"For conspicuous gallantry and intrepidity at the risk of his life above and beyond the call of duty while serving with the Third Battalion, Twenty-Third Marines, Fourth Marine Division, in combat against enemy Japanese forces during the seizure of Iwo Jima in the Volcano Islands, February 26, 1945. Promptly destroying a stubborn 20-mm antiaircraft gun and its crew after assuming the duties of a bazooka man who had been killed, Private First Class Jacobson waged a relentless battle as his unit fought desperately toward the summit of Hill 382 in an effort to penetrate the heart of Japanese cross-island defenses. Employing his weapon with ready accuracy when his platoon was halted by overwhelming enemy fire on February 26, he first destroyed two hostile machine-gun positions, then attacked a large blockhouse, completely neutralizing the fortification before dispatching the five-man crew of a pillbox and exploding the installation with a terrific demolitions blast. Moving steadily forward, he wiped out an earth-covered rifle emplacement and, confronted by a cluster of similar emplacements which constituted the perimeter of enemy defenses in his assigned sector, fearlessly advanced, quickly reduced all six positions to a shambles, killed ten of the enemy and enabled our forces to occupy the strong point. Determined to widen the breach thus forced, he volunteered his services to an adjacent assault company, neutralized a pillbox holding up its advance, opened fire on a Japanese tank pouring a steady stream of bullets on one of our supporting tanks and smashed the enemy tank's gun turret in a brief but furious action culminating in a single-handed assault against still another blockhouse and the subsequent neutralization of its firepower. By his dauntless skill and valor, Private First Class Jacobson destroyed a total of sixteen enemy positions and annihilated approximately seventy-five Japanese, thereby contributing essentially to the success of his division's operations against the fanatically defended outpost of the Japanese Empire. His gallant conduct in the face of tremendous odds enhanced and sustained the highest traditions of the United States Naval Service."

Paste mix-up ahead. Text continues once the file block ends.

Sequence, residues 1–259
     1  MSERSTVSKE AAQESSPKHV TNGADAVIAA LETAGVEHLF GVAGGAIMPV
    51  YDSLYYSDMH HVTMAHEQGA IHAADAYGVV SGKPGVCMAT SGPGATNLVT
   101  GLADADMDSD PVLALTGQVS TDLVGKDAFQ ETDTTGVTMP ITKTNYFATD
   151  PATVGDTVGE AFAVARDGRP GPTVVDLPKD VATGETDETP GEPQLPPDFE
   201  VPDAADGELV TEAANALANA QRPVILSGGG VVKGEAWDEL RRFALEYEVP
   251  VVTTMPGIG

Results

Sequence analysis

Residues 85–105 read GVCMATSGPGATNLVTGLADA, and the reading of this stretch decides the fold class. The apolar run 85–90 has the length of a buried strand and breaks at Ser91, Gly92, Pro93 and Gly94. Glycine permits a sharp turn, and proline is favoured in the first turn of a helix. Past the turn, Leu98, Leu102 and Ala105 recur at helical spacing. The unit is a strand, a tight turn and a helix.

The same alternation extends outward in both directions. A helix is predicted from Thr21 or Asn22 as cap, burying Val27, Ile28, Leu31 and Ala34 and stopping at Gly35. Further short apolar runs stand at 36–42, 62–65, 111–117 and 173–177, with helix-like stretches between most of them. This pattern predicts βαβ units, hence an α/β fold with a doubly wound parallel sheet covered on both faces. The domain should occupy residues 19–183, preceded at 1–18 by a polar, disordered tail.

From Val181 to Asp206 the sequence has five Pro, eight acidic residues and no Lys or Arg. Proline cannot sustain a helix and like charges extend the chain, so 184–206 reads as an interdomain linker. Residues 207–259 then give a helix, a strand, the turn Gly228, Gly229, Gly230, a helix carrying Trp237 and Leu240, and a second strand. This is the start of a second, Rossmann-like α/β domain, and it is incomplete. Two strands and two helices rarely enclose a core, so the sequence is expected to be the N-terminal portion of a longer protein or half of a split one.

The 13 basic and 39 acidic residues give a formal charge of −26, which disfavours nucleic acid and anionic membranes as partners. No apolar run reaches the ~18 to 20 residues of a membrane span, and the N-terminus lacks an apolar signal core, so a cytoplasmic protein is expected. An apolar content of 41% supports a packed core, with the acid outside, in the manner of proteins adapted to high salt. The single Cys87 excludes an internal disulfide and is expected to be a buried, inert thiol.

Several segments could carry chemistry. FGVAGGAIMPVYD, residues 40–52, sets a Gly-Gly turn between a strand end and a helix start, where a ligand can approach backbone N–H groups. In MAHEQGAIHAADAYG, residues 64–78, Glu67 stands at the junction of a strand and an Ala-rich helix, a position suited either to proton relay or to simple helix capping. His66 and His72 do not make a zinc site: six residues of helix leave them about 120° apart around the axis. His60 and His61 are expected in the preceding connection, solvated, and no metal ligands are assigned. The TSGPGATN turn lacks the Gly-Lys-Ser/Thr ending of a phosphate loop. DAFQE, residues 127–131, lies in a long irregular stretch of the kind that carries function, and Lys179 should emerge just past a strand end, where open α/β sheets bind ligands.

May you be at peace,